lunch at Kendejah restaurant in San Leandro

by foodhoe on May 29, 2017

197 Pelton Center Way, San Leandro CA  94577 | 510.756.6049 | website

Mr. K and I recently joined a group of Chowhounders for a lively lunch at Kendejah Restaurant in San Leandro.  I was curious to try Liberian cooking which has an interesting history because it was colonized in the early 19th century by freeborn Blacks and former slaves from America and its cuisine incorporates West African cooking with traditions from the American South.  The restaurant is named for Kendejah which once housed the National Cultural Troop of Liberia created in the early 1960s, to serve as a repository of national cultural theory and practice.   Along the back wall of the restaurant is a colorful mural commissioned by the owner Dougie of the founding fathers against the Liberian flag, which is very similar to the American Flag, except there is a lone white star against the blue background (the star of liberty), and the number of stripes is different.

We began with a couple plates of the Chicken wings ($11.99), which were fresh from the fryer with beautifully crisp skin dusted with delectable spices that spurted hot juices when we bit in.  They were served with a cooling ranch sauce and celery sticks and were so good we ordered another round…

The Bean torbogee ($17.99) is made with red beans, smoked herring, organic beef, smoked turkey and beef skin. Hearty and spicy, the typical Liberian dish is Creole cooking with a coastal African twist – flavorful stews that incorporate meats, chicken, pork and shellfish.  Torbogee (pronounced Tō’-bah-gee) is flavored with red palm oil which is aged (fermented) along with some baking soda.  Each bite of the stew is full of wonderful flavors and the soothing texture of slow cooked beans and tender meat.

The Fufu and Peanut Butter soup ($15.99) was so good that I can’t stop thinking about it.  It is a delicious rich soup made from peanut butter, beef, shrimp, vegetables and small smoked herrings served with Fufu, which is a dumpling made from cassava and green plantain flour.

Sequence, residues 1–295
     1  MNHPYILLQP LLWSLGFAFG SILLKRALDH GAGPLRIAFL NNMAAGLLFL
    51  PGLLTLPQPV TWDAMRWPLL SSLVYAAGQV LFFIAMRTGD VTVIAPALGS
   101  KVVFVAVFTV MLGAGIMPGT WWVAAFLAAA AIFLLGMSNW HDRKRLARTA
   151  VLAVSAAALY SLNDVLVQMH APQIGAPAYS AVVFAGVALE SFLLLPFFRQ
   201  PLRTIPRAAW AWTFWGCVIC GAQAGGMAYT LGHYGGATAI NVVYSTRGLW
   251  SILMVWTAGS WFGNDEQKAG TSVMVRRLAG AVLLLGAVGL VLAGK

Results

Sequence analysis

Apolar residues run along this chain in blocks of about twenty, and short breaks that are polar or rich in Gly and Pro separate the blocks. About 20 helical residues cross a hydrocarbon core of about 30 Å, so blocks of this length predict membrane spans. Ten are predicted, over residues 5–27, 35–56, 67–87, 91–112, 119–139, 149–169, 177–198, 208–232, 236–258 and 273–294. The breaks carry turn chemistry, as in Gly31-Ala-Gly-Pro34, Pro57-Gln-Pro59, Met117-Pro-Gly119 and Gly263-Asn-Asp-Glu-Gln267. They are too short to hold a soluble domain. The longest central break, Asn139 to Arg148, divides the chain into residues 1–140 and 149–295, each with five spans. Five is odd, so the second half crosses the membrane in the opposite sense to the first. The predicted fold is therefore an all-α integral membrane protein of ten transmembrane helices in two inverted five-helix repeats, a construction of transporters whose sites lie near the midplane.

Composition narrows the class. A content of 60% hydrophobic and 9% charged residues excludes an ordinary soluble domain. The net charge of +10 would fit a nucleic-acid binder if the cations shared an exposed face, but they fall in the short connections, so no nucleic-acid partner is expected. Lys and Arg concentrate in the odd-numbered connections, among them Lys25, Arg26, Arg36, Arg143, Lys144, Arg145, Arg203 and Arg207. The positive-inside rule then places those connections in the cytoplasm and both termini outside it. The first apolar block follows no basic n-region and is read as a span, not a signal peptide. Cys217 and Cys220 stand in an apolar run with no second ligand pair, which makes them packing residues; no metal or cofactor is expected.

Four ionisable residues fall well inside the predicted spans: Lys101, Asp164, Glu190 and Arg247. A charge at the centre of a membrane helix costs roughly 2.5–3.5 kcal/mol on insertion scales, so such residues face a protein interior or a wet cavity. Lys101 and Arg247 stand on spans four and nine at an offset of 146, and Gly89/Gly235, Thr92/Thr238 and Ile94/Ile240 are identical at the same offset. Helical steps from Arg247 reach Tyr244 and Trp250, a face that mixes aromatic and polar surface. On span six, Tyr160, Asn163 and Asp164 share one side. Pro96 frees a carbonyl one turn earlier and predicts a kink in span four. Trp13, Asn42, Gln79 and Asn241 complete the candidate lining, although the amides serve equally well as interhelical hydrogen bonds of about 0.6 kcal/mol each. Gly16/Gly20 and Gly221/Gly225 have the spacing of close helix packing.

The Fufu soaks up the flavors of the stew, it is like mashed potatoes but starchier with a texture like tender cloud-like gnocchi.  Tear off a piece of the fufu and fashion it into a small, edible spoon, then dunk it into the soup and swallow the entire heavenly bite whole.

Jollof Rice is special blend of fried rice with mixed vegetables, chicken, andouille sausage, red and black bean with plantains ($15.99).  I had never heard of this dish and found that it is one of the most beloved celebration dishes of West Africa with many regional variations.  I loved the flavorful rice full of tomatoes and onions along with the stew of tender meat, spicy sausage and vegetables.

Another favorite dish was the incredible Oxtail stew, which was full of complex flavors and tender meat.

The sauce was so good spooned over the white rice mixed with red beans ($15.99).

We enjoyed the Atteike and Fish ($18.99) a signature dish of a whole grilled fish that is coated with their special pepper sauce, served simply with refreshing slices of tomato, cucumber and avocado, and atteike (pronounced atchekay) which is a traditional couscous made from cassava root that is peeled, grated and mixed with a previously fermented cassava.  The pulp is pressed to remove the starch and later processed manually and dried and then steamed.  It looks like couscous, but has a slightly sour funk and fragrance with a light, fluffy texture.

The owner Dougie has been working hard to create a comfortable space where you can come to enjoy their delicious comfort food and also hang out at their lounge to watch the upcoming basketball finals.

We sampled some of the most popular dishes, I can’t wait to go back to try their daily specials of Liberian cuisine…


Tues-Thurs 11:30 am – 11:00 pm
Fri – Sat       11:30 am – 12:00 am
Sunday        11:30 am – 10:00 pm

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